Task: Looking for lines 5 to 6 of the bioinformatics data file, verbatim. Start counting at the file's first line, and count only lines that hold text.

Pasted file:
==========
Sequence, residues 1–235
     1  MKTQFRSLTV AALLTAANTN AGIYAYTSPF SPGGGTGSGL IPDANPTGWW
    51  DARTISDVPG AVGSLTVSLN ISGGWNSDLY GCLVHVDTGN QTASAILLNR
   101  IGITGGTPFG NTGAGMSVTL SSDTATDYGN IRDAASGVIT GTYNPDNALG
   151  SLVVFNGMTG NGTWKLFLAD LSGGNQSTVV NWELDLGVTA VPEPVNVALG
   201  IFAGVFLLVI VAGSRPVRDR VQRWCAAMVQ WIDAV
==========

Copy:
   151  SLVVFNGMTG NGTWKLFLAD LSGGNQSTVV NWELDLGVTA VPEPVNVALG
   201  IFAGVFLLVI VAGSRPVRDR VQRWCAAMVQ WIDAV